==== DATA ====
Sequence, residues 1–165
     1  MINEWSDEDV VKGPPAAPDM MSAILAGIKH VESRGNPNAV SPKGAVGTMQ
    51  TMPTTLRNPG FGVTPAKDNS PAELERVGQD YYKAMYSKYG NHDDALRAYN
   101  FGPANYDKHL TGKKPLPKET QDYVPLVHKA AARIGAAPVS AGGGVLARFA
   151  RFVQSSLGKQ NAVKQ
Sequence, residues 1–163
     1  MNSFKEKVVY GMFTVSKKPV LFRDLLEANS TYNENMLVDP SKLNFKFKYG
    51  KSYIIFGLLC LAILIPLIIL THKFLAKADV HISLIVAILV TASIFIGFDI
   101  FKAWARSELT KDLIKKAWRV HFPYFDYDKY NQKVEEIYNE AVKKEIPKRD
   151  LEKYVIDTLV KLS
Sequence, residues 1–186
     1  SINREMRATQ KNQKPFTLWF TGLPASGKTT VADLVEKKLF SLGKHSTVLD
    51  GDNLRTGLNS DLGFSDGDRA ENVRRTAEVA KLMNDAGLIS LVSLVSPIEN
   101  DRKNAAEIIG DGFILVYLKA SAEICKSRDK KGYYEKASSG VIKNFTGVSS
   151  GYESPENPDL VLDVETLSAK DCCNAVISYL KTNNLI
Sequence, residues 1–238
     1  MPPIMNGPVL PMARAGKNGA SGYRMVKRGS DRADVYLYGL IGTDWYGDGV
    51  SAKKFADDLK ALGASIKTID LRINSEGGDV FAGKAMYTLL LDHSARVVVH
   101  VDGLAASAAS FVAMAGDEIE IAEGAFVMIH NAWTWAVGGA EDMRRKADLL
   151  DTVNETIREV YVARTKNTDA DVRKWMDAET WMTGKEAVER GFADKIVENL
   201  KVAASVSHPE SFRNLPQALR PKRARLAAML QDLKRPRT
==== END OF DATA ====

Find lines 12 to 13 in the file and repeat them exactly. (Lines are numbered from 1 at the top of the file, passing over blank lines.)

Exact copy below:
     1  SINREMRATQ KNQKPFTLWF TGLPASGKTT VADLVEKKLF SLGKHSTVLD
    51  GDNLRTGLNS DLGFSDGDRA ENVRRTAEVA KLMNDAGLIS LVSLVSPIEN